For those with a taste for the more ancient history of the area, there is the Tramonti di Sopra fossil museum and the Montereale Valcellina archaeological museum. The rural history of the Friuli region is recounted in Museo Rurale Fornese in Forni di Sopra, in Museo Provinciale della Vita dell’Arte e Civiltà Contadina in Andreis and Maniago, in Museo Casa Clautana in Claut, in Museo d’Arte Fabbrile e delle Coltellerie (featuring the craft of blacksmiths and cutlers) in Maniago. The museum in Frisanco, Da li Mans di Carlin is of particular interest with a 1:10-scale reconstruction of the peasant society of Valcolvera, with a furnished cottage, the church complete with bell tower, the wind and water mills, the smithy and the dairy. An enchanting little world of yesteryear built using authentic materials and construction methods (www.museifriuliveneziagiulia.it).
There are also a number of museums dedicated to the historical events involving the Friuli Dolomites. These mountains were also a front line during the First World War, with evidence of this period to be found along its footpaths. For example, in Claut you can follow the trail of the Strada degli Alpini, laid down by Alpine troops at the turn of the twentieth century, the scene of violent clashes during the Great War. This route is also interesting from the geological point of view in that some dinosaur footprints have been found.
The Dolomiti Friulane e d’Oltre Piave system offers a vast range of rambling and hiking trails far from traffic and human habitation, with only the sounds of nature to accompany some breath-taking views. Alta Via n. 6 also known as Alta Via dei Silenzi (the silent road) crosses the system, from the P. F. Calvi refuge in the Comelico and Sappada neighbourhood, leading to Vittorio Veneto along mountain trails.
The Casera Roncada e Casera Bregolina Grande trail
This is not a particularly challenging route, but it is quite long, the round trip taking about 6 hours, therefore it is recommended for quite fit, experienced hikers. As well as the fascinating plant and animal life, there are some amazing views over the Spalti di Toro peaks and the Monfalconi chain.
Starting from Pian Meluzzo (Pian Melùth in the local Friuli dialect), in the Municipality of Cimolais, near the Pordenone refuge, you travel over the Sciol da Mont scree then follow footpath 370. This climbs up steeply to the pasturelands of the Roncada shepherd’s hut after which you continue on a diagonal climb until you reach, first the Lama then the Savalons pass. Here it is worthwhile taking a detour up to the nearby grassy summit where you can drink in an incredible view, not only over the Dolomiti Friulane e d’Oltre Piave (Spalti di Toro, Monfalconi with Campanile di Val Montanaia, Duranno-Cima Preti), but also the other UNESCO World Heritage Site peaks – mounts Pelmo, Civetta, Marmolada and Antelao. On your return to the Savalons pass, you take footpath 370 which takes you down to the Bregolina Grande shepherd’s hut, after which you retrace your footsteps back to the starting point of the trail.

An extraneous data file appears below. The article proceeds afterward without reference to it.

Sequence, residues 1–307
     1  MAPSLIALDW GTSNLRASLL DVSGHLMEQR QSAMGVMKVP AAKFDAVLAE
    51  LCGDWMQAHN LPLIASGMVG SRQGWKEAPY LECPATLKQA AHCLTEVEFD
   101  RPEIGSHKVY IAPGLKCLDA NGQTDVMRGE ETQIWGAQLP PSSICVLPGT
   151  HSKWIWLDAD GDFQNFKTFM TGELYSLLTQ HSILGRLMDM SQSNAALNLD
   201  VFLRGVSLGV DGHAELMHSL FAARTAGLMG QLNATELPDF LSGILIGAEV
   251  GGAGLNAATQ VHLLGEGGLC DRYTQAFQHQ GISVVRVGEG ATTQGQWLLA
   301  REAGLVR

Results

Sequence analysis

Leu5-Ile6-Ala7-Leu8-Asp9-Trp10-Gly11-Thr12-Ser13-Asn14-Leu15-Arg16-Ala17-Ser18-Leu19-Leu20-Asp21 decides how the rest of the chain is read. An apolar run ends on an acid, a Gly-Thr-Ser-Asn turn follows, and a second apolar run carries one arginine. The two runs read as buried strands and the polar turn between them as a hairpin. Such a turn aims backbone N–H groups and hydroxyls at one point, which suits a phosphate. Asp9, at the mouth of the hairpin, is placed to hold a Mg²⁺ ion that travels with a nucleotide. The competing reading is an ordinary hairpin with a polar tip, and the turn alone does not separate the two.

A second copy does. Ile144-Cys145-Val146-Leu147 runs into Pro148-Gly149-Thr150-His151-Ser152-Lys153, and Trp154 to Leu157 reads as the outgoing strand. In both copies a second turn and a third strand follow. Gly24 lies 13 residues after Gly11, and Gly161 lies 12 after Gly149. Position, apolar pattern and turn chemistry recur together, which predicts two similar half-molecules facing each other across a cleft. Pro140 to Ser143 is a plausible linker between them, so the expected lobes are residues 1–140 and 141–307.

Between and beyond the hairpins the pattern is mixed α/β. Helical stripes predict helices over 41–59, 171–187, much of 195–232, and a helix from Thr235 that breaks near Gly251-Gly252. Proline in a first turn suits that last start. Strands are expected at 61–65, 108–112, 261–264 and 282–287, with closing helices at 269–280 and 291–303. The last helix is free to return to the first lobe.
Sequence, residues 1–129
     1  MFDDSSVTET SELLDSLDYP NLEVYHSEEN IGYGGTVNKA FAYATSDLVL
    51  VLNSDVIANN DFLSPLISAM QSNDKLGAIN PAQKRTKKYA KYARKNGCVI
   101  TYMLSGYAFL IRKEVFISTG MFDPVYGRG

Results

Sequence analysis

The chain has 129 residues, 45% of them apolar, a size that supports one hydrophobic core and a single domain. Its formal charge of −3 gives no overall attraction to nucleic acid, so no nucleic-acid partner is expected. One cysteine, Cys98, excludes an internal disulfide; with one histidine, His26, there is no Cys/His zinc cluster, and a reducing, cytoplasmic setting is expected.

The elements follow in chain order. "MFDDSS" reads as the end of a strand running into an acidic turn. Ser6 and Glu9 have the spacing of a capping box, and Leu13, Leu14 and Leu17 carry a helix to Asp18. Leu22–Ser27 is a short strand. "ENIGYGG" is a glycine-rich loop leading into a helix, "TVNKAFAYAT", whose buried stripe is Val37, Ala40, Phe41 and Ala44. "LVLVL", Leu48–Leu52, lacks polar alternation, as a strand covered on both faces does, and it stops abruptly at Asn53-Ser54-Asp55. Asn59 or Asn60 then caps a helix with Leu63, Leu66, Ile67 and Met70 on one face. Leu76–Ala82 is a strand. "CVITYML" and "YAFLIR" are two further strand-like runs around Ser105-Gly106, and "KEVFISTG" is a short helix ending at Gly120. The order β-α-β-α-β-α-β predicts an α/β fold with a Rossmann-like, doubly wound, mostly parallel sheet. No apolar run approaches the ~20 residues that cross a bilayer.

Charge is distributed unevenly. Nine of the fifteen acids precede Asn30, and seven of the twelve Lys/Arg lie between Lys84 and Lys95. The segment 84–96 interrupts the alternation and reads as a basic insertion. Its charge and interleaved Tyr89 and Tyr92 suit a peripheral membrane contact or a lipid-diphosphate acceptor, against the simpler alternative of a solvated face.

The trail to Il Campanile di Val Montanaia
This is quite an easy trail, suitable for everyone, lasting a total of three and a half hours. You start off from the Pordenone refuge, only 10 minutes’ walk from the car park, in the lovely Val Cimoliana, in the Municipality of Cimolais. Footpath 353 takes you to the peak of Il Campanile di Val Montanaia, known as the “bell-tower” and the Perugini shelter. Now the landscape changes completely, vegetation gives way to stretches of gravel and stones. Crossing these takes little more effort, but the reward is the stunning view. After the gravely stretch, the trail continues among dwarf pines on soft ground, reaching the foot of Il Campanile, a famous spot much loved by climbing fans. Still following the footpath, you come to the Perugini shelter at an altitude of 2,060m, then the Montanaia pass where the footpath disappears under some rather unstable gravel, and then the Cimoliana pass. To return to the Pordenone refuge, you can either take the same trail back or walk on through the Cimoliana pass and take the longer circular trail around Il Campanile. For this option you take footpath 360 heading downward through a steep canyon, which is equipped with some climbing aids, so it is advisable to take a Via Ferrata set with you. Footpath 360 continues past the canyon but you take footpath 349 to get back to the Pordenone refuge.